Kudos to Daim for speaking out at UTM

Former finance minister Daim Zainuddin surprised us all with his refreshing and candid speech during the “Seminar Naratif Melayu” at Universiti Teknologi Malaysia (UTM) on March 19.

UTM has been overly obsessed with the Malay and Islamic narratives for decades, with few tangible results. For an academic institution claiming to be among the top 1,000 universities in the world, we are not seeing any noteworthy publications or ideas arising from these endless discussions. So, what has UTM learnt from these narratives over the past few decades? Is it to hold more such seminars to mask the emptiness of the previous ones?

Are these seminars (which cost money) hosted to the exclusion of more important scientific seminars? This is perhaps one rationale behind Daim’s honest remarks on Tuesday night.

UTM’s race-religion narratives have continued even while it largely excludes non-Malays from faculty positions within the university. I recall an old joke: “It is easier for an Arab” to join as a faculty member or student than a non-Bumiputera Malaysian. One only needs to look at the demographic ratio among faculty and administrative staff as well as students at UTM to understand what I am talking about.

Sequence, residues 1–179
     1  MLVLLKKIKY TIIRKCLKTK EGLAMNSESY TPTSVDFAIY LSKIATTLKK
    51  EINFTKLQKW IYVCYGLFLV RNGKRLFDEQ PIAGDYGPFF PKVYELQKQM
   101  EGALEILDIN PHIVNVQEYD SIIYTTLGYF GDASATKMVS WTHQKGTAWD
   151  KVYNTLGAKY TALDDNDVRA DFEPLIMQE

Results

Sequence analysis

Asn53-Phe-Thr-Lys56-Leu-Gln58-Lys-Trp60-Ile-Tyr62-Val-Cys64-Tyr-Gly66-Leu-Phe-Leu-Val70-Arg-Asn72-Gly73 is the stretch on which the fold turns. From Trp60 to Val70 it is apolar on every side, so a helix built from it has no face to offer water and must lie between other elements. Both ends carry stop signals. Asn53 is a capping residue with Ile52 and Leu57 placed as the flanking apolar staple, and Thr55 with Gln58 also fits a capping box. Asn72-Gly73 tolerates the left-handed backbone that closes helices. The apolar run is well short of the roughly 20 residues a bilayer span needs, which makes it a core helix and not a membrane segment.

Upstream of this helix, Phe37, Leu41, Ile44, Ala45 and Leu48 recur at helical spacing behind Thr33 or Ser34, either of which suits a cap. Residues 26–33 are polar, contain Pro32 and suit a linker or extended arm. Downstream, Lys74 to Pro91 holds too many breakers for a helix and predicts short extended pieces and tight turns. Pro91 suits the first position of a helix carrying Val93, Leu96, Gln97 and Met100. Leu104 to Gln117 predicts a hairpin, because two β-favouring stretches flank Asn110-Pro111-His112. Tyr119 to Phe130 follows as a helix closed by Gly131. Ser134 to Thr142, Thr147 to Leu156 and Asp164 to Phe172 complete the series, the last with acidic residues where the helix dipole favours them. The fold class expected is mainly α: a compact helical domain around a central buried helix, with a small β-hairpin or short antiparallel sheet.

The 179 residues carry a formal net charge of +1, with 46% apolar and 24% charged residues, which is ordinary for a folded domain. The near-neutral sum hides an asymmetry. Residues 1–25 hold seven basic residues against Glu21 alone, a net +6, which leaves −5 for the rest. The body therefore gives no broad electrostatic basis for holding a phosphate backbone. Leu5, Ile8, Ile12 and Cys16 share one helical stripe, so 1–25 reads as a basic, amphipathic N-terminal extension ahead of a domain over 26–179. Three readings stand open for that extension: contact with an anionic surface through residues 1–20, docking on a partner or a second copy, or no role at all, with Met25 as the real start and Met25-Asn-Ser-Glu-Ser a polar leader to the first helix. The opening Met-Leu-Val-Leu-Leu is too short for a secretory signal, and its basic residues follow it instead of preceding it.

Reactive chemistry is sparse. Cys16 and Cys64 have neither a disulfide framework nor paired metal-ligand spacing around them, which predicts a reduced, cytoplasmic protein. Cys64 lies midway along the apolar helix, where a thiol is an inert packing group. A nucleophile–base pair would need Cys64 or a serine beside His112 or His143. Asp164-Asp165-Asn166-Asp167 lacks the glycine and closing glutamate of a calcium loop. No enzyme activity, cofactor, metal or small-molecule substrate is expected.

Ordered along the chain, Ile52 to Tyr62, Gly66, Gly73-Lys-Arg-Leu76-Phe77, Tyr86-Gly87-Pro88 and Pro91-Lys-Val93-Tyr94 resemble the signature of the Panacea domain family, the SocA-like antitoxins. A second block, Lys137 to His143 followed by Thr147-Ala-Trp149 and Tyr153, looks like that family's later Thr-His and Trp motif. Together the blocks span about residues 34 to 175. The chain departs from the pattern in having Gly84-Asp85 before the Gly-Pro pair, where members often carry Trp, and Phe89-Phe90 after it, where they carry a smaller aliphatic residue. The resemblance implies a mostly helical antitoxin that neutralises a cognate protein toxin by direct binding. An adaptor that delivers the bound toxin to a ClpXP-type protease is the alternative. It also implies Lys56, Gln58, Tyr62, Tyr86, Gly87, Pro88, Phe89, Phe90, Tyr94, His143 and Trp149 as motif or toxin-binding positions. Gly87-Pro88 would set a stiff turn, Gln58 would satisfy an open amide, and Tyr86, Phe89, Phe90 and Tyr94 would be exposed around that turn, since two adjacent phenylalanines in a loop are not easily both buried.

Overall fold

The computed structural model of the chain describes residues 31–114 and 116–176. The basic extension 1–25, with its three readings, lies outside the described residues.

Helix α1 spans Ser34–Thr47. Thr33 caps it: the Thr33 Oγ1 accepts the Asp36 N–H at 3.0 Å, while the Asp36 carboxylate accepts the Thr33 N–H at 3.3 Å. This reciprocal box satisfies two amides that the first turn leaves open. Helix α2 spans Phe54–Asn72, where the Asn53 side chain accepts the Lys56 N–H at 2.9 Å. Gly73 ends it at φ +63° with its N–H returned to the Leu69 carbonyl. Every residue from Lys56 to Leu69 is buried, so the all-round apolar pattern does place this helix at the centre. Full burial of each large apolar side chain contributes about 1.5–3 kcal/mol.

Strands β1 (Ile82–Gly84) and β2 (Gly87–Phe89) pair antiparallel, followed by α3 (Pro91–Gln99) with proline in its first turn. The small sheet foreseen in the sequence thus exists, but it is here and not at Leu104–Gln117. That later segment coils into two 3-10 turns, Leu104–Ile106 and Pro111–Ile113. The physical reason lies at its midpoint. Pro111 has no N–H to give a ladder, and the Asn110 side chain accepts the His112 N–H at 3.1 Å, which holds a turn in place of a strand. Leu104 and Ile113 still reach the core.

For an institution that was supposedly formed to build a new generation of Bumiputera engineers, scientists and academics, I don’t recall meeting any staff member hailing from Sabah and Sarawak either during my student years.

Limited and shallow narratives affect the Malay intelligentsia as well. Outspoken lecturers (when you can find one) who baulk at this trend are often given suffocating administrative tasks that border on childish pettiness. Our universities are legendary for the art of rejecting merit over some petty technicality.

Others try to play it safe. As Tajuddin Rasdi noted in his excellent article “Daim’s appraisal of our academics”: “Malay academics appear to be doing nothing at all but are letting this narrative play out to the opportunism of certain political parties and selfish NGOs.”

This is certainly not a problem with UTM alone. Less meritorious academics throughout our public universities often find it convenient to mask their mediocrity behind the facade of the Malay-Muslim narrative.

At the end of the day, we ask our public universities to show what they have produced after the tens of billions collectively pumped into their budgets over the past few decades. Reveal the internationally recognised textbooks, patents, discoveries and inventions from your institutions. But instead of these important milestones, I am sure there are tonnes of complaints filed over the years with regards to the selective narrative-led discriminatory policies at our public universities!

CL Toh is an FMT reader.

The views expressed are those of the author and do not necessarily reflect those of FMT.